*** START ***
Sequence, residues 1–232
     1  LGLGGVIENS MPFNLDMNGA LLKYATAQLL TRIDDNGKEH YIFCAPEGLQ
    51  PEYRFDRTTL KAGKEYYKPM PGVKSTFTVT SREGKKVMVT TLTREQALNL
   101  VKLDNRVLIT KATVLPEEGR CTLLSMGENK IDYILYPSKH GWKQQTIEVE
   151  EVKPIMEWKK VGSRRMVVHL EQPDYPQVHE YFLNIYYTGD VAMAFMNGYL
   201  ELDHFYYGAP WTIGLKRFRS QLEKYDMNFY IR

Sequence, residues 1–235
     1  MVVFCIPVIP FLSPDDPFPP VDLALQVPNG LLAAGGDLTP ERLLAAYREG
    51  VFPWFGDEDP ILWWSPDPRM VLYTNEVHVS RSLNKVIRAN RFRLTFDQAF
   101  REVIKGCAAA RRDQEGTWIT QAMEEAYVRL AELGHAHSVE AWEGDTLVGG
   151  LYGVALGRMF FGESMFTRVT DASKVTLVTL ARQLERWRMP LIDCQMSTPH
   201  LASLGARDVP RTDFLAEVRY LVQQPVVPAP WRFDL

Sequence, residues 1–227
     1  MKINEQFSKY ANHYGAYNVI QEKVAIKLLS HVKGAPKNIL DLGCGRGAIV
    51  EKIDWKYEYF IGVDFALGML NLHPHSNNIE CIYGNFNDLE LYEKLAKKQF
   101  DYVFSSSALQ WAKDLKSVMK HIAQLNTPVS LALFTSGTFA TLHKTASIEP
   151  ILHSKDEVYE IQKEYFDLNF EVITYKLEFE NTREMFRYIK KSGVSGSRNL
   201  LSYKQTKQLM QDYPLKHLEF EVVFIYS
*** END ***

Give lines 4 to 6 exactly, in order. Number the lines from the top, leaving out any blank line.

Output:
   101  VKLDNRVLIT KATVLPEEGR CTLLSMGENK IDYILYPSKH GWKQQTIEVE
   151  EVKPIMEWKK VGSRRMVVHL EQPDYPQVHE YFLNIYYTGD VAMAFMNGYL
   201  ELDHFYYGAP WTIGLKRFRS QLEKYDMNFY IR